Charade Henry Mancini
Jane Jones explores the work which was an end to early retirement for Brahms.
After years of self criticism, and the burden of great expectation laid on his shoulders by friend and mentor Robert Schumann, perhaps it was no great surprise when the 57-year old Brahms announced, 'I have worked enough, now let the young folks take over.' Quite what the composer was planning for his early retirement isn’t clear, except maybe to spend more time down the pub and drink more of his favourite beer! But like many newly retired, it wasn’t long before Brahms was itching to get back to work – inspired by the wonderful clarinet playing of one man, Richard Muhlfeld. The pair met when Brahms visited the Court at Meiningen and was captivated by Muhlfeld's performance, who Brahms regarded as the greatest woodwind player he’d ever heard. The result was a clutch of four chamber works all featuring the clarinet, and of the four the Clarinet Quintet is one of Brahms’s finest.
Written in the summer of 1891 – only a year after his premature decision to retire – the Clarinet Quintet was composed whilst he was holidaying at the spa town of Bad Ischl, and there’s a strong sense of mellow nostalgia to the work as if the composer has chosen to look back over his life. The autumnal feel to this occasionally sentimental and melancholy quintet, suits the colours and characteristics of the clarinet beautifully. It’s impossible to escape this notion that the composer was looking back, since the ghost of Mozart and his clarinet quintet from an earlier century seems to hover over Brahms’s music. It suited the trend of the time, with concert promoters looking to schedule music of past composers over contemporary works. Brahms was no stranger to the style and musical structures of the classical greats, with his popular Variations on a theme of Haydn. But with the Clarinet Quintet. it’s as though Brahms has decided to jump a century and give us his idea of what Mozart might have sounded like if he’d lived through the impact of Wagner, Liszt and the like!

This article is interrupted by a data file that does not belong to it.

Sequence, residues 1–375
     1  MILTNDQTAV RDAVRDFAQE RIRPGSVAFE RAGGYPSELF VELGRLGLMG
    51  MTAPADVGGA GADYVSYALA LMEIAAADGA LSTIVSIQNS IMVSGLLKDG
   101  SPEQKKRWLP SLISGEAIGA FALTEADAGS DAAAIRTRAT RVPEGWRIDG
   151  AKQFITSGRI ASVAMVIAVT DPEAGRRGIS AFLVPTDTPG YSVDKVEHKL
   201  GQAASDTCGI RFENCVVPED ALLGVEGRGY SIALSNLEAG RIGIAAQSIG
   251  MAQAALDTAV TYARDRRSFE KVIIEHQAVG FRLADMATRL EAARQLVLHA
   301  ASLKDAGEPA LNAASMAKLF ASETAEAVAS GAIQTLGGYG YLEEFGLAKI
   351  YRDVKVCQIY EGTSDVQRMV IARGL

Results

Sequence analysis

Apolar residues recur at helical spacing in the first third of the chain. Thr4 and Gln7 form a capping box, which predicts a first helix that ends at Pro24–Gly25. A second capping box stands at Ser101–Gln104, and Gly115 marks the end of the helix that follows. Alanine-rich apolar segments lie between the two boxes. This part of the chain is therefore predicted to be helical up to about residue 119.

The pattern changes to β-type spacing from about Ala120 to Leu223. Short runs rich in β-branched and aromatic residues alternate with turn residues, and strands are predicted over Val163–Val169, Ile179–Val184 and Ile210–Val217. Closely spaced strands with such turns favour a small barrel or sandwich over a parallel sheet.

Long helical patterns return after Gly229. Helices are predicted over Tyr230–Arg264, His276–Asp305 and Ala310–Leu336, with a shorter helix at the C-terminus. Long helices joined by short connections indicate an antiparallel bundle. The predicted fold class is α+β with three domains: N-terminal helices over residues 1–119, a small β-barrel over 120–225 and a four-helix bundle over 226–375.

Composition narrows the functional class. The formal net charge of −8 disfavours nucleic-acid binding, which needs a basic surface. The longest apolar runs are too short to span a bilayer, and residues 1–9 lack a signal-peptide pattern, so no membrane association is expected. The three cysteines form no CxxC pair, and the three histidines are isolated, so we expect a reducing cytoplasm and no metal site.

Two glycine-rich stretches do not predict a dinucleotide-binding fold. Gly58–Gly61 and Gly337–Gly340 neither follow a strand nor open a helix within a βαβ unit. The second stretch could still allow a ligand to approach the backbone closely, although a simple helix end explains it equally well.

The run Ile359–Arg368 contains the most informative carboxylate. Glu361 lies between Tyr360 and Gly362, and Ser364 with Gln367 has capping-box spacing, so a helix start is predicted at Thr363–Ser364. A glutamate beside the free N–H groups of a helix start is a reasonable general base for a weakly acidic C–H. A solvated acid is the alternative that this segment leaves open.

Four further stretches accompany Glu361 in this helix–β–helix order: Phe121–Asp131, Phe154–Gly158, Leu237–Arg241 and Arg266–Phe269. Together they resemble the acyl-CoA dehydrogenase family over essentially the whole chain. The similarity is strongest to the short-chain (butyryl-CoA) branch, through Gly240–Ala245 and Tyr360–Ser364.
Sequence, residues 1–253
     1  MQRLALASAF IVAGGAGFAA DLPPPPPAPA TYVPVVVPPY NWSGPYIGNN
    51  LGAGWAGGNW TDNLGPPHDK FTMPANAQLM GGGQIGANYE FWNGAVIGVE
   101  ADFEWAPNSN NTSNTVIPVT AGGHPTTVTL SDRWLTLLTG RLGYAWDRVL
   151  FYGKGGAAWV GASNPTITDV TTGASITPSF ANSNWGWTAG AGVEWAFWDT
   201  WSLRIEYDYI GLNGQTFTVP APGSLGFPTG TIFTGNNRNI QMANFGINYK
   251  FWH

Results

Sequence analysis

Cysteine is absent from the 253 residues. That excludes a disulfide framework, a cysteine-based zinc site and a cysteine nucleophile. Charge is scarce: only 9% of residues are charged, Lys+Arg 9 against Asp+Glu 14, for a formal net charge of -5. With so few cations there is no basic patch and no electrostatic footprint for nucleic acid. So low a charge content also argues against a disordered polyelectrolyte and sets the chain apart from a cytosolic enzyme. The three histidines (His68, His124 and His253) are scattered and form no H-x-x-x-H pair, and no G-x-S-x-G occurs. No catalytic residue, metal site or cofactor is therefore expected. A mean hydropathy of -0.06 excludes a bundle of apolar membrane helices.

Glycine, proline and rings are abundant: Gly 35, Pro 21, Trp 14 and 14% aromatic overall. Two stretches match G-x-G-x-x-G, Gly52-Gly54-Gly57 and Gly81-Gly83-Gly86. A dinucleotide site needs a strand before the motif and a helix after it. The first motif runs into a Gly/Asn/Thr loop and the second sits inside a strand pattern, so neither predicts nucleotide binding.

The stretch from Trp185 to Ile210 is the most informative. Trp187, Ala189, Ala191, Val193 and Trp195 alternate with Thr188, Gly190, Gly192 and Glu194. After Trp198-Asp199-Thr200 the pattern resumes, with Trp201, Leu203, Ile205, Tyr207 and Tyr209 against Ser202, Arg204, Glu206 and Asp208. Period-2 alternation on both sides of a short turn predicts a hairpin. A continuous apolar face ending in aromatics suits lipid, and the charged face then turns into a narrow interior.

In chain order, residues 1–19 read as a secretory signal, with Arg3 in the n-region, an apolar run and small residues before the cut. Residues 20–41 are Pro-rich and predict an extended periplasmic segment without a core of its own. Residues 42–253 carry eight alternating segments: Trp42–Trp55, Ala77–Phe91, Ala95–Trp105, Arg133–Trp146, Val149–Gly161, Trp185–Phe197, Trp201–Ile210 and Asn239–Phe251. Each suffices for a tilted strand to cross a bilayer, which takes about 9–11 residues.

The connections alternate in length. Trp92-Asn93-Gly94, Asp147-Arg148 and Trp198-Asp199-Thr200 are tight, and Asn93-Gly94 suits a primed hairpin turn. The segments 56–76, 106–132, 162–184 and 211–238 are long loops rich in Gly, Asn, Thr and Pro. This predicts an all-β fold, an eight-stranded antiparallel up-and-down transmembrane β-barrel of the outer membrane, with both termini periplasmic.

Having said that, the four movements do subtly showcase a significant degree of innovation as the theme and variations of the opening movement fade in and out as though unwilling to say goodbye. This technique - developing the variations to be explored throughout the work - is something that’s got more in common with modern composers of the 20th century, rather than those of the 18th. The second movement’s haunting adagio has been described as other-worldly. It feels like a warm summer night but then there’s a change to a much darker mood full of tension, protest and anguish which finally resolves into a sense of resignation. After the lingering loneliness of the adagio, the third movement’s change of pace comes as something of a surprise, dancing along to a typical Brahmsian melody. The final movement of the Quintet returns to a theme and variations, which reinforces this enduring cycle of reflection, with the very first theme from the opening movement returning to dovetail with the music of the finale.
This ingenious use of themes should leave us in no doubt that Brahms still had plenty of ideas when inspired by his friend’s clarinet playing but, despite the intimate mellow warmth of tone and the sweet sense of nostalgia, Brahms ends the quintet with a single sobering chord, bringing the glow of the Indian summer to a chilling end.